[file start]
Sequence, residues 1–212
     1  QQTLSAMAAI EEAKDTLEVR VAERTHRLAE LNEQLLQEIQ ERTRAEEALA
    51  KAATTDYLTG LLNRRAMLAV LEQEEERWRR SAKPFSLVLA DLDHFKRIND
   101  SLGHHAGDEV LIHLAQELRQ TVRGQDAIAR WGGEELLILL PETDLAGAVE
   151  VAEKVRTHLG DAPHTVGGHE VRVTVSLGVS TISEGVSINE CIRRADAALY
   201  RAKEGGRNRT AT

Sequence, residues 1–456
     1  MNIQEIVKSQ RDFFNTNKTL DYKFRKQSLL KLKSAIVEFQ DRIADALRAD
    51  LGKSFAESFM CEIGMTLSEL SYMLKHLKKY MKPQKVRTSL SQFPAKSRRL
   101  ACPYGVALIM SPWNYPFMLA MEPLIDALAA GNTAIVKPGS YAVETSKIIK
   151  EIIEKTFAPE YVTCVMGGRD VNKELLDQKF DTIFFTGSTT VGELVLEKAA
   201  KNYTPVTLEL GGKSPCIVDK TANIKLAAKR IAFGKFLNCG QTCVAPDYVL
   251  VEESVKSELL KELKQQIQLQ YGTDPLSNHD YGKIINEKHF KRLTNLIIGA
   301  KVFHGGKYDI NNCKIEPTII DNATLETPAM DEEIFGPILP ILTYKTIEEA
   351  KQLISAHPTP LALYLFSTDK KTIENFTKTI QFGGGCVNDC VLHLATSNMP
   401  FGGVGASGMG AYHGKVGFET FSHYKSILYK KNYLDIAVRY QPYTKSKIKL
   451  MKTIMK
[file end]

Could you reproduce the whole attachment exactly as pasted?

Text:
Sequence, residues 1–212
     1  QQTLSAMAAI EEAKDTLEVR VAERTHRLAE LNEQLLQEIQ ERTRAEEALA
    51  KAATTDYLTG LLNRRAMLAV LEQEEERWRR SAKPFSLVLA DLDHFKRIND
   101  SLGHHAGDEV LIHLAQELRQ TVRGQDAIAR WGGEELLILL PETDLAGAVE
   151  VAEKVRTHLG DAPHTVGGHE VRVTVSLGVS TISEGVSINE CIRRADAALY
   201  RAKEGGRNRT AT

Sequence, residues 1–456
     1  MNIQEIVKSQ RDFFNTNKTL DYKFRKQSLL KLKSAIVEFQ DRIADALRAD
    51  LGKSFAESFM CEIGMTLSEL SYMLKHLKKY MKPQKVRTSL SQFPAKSRRL
   101  ACPYGVALIM SPWNYPFMLA MEPLIDALAA GNTAIVKPGS YAVETSKIIK
   151  EIIEKTFAPE YVTCVMGGRD VNKELLDQKF DTIFFTGSTT VGELVLEKAA
   201  KNYTPVTLEL GGKSPCIVDK TANIKLAAKR IAFGKFLNCG QTCVAPDYVL
   251  VEESVKSELL KELKQQIQLQ YGTDPLSNHD YGKIINEKHF KRLTNLIIGA
   301  KVFHGGKYDI NNCKIEPTII DNATLETPAM DEEIFGPILP ILTYKTIEEA
   351  KQLISAHPTP LALYLFSTDK KTIENFTKTI QFGGGCVNDC VLHLATSNMP
   401  FGGVGASGMG AYHGKVGFET FSHYKSILYK KNYLDIAVRY QPYTKSKIKL
   451  MKTIMK